I'm glad you solved this, but ownership chaining is not the recommended solution. Since you seem validly concerned about security and proper granularity of the rights involved, I'm adding this reply, although late, as a reference to what's happening and how to resolve this problems.
EXECUTE AS impersonation scope
The EXECUTE AS clauses come in two flavors: EXECUTE AS LOGIN and EXECUTE AS USER. The EXECUTE AS LOGIN is authenticated by the server and is an impersonation context trusted by the entire SQL instance (server-scoped):
When impersonating a principal by
using the EXECUTE AS LOGIN statement,
or within a server-scoped module by
using the EXECUTE AS clause, the scope
of the impersonation is server-wide.
This means that after the context
switch, any resource within the server
that the impersonated login has
permissions on can be accessed.
EXECUTE AS USER is authenticated by the database and is an impersonation context trusted only by that database (database-scoped):
However, when impersonating a
principal by using the EXECUTE AS USER
statement, or within a database-scoped
module by using the EXECUTE AS clause,
the scope of impersonation is
restricted to the database by default.
This means that references to objects
outside the scope of the database will
return an error.
A stored procedure that has an EXECUTE AS clause will create a database scoped impersonation context, and as such will be unable to reference objects outside the database, case in point being you will not be able to reference
msdb.dbo.sp_start_job because is in
msdb. There are many other examples available, like trying to access a server scope DMV, trying to use a linked server or trying to deliver a Service Broker message into another database.
The enable a database scoped impersonation to access a resource that would not be normally allowed the authenticator of the impersonation context has to be trusted. For a database scoped impersonation the authenticator is the database dbo. This can be achieved by two possible means:
- By turning on the TRUSTWORTHY property on the database that authenticated the impersonation context (ie. the database where the EXECUTE AS clause was issued in).
- By using code signatures.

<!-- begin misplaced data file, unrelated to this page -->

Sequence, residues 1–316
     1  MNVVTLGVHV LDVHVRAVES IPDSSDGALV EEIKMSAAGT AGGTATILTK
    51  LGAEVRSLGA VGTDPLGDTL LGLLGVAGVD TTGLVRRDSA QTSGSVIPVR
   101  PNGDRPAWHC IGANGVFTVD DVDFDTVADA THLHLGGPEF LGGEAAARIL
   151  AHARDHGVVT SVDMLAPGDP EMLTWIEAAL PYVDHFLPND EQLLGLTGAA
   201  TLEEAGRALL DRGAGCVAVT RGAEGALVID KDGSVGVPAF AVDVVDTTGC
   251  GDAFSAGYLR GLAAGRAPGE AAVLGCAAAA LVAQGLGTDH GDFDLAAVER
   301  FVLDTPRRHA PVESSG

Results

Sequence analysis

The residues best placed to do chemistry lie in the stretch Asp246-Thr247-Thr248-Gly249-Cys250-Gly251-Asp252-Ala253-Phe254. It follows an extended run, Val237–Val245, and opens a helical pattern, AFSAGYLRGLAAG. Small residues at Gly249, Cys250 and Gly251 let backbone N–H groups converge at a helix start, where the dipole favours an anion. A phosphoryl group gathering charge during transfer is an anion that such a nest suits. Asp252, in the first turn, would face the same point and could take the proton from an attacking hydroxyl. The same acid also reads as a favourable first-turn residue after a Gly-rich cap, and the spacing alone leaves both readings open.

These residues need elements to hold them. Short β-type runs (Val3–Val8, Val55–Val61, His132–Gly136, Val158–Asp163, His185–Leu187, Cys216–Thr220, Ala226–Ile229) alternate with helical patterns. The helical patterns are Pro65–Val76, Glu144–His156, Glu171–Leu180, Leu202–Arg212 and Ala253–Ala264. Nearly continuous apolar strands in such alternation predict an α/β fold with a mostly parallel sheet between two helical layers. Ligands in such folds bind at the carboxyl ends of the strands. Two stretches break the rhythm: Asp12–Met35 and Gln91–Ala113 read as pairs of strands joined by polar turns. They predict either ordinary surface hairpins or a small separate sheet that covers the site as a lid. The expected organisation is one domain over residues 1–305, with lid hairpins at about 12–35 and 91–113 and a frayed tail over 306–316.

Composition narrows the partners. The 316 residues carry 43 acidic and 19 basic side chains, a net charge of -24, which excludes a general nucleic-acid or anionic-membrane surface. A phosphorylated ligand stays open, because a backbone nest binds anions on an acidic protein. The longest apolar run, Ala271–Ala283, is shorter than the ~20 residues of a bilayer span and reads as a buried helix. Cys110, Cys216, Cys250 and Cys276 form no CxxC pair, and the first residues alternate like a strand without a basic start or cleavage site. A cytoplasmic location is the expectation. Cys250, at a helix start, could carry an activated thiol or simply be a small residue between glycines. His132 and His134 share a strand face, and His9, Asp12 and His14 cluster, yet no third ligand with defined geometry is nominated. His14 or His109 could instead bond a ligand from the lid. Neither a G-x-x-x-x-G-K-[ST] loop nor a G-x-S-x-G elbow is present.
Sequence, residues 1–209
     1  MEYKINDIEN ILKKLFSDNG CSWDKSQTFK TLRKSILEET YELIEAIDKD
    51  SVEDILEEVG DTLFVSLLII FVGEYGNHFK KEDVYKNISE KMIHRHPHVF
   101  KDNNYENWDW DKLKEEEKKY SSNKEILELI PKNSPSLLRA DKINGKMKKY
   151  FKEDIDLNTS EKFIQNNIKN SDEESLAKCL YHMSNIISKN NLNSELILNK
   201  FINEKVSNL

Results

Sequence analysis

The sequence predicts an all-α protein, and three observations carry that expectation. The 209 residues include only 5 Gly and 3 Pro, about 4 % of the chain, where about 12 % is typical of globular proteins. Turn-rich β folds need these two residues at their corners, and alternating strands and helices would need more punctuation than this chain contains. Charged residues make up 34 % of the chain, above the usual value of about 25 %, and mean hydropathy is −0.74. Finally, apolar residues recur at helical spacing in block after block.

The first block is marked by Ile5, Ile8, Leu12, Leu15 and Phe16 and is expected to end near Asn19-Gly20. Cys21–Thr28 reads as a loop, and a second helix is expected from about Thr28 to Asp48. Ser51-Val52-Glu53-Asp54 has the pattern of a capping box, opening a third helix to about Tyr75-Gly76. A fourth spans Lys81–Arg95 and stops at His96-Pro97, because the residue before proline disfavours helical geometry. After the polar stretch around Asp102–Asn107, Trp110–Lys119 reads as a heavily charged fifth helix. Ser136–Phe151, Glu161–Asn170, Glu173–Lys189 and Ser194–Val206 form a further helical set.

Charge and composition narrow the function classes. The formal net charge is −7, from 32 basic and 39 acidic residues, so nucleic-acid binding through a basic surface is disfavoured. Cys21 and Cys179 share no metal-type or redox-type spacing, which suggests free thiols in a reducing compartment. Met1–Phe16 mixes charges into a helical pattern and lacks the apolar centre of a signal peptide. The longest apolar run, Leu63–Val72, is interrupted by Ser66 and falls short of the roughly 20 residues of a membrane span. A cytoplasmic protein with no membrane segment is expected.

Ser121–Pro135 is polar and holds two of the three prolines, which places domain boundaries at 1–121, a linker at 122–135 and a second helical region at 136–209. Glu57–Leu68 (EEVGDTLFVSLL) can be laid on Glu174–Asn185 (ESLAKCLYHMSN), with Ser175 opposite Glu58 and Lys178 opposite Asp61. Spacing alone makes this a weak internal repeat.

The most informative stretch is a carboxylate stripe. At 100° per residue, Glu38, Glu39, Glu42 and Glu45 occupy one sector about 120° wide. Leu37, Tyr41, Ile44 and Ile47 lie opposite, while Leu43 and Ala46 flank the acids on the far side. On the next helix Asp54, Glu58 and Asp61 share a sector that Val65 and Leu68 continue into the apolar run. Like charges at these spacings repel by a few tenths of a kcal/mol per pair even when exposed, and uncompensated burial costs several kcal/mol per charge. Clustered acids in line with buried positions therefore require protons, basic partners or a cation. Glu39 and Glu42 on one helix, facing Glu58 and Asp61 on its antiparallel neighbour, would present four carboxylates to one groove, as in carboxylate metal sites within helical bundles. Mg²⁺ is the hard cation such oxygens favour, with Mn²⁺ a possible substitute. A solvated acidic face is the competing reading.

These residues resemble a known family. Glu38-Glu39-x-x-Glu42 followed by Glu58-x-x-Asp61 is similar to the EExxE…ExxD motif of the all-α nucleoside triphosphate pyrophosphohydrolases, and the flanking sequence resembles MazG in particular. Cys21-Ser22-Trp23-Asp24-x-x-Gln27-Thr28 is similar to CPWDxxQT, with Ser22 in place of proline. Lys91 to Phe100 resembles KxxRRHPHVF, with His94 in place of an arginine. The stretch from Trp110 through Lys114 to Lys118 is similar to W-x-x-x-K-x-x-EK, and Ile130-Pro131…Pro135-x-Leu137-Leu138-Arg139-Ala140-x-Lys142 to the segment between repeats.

These details are described in MSDN: Extending Database Impersonation by Using EXECUTE AS.
When you resolved the issue via cross database ownership chaining you have enabled the cross-db chaining at the entire server level, which is considered a security risk. The most controlled, fine grained way to achieve the desired result is to use code signing:
- In the application database create a self signed certificate
- sign the
dbo.StartAgentJob with this certificate
- drop the private key of the certificate
- export the certificate to disk
- import the certificate into
- create a derived user from the imported certificate in
- grant AUTHENTICATE permission to the derived user in
These steps ensure that the EXECUTE AS context of the
dbo.StartAgentJob procedure is now trusted in
msdb, because the context is signed by a principal that has AUTHENTICATE permission in
msdb. This solves half of the puzzle. The other half is to actually grant the EXECUTE permission on
msdb.dbo.sp_start_job to the now trusted impersonation context. There are several ways how this can be done:
- map the impersonated user
agentProxy user in
msdb and grant him execute permission on
- grant the execute permission to the
msdb authenticator certificate derived user
- add a new signature to the procedure, derive a user for it in
msdb and grant the execute permission to this derived user
Option 1. is simple, but has a big disadvantage: the
agentProxy user can now execute the
msdb.dbo.sp_start_job at its own will, he is truly granted access to
msdb and has the execute permission.
Option 3 is positevely correct, but I feel is unnecessary overkill.
So my preffered is Option 2: grant the EXECUTE permission on
msdb.dbo.sp_start_job to the certificate derived user created in
Here is the corresponding SQL:
create certificate agentProxy
ENCRYPTION BY PASSWORD = 'pGFD4bb925DGvbd2439587y'
with subject = 'agentProxy'
ADD SIGNATURE TO OBJECT::[StartAgentJob]
BY CERTIFICATE [agentProxy]
WITH PASSWORD = 'pGFD4bb925DGvbd2439587y';
alter certificate [agentProxy]
remove private key;
backup certificate [agentProxy]
create certificate [agentProxy]
create user [agentProxyAuthenticator]
from certificate [agentProxy];
grant authenticate to [agentProxyAuthenticator];
grant execute on msdb.dbo.sp_start_job to [agentProxyAuthenticator];
My blog has some articles covering this topic, written in the context of Service Broker activated procedures (since they require an EXECUTE AS clause):
BTW, if you're trying to test my script and you live on the eastern hemisphere, or on UK summer time, definitely read that last article I linked before testing.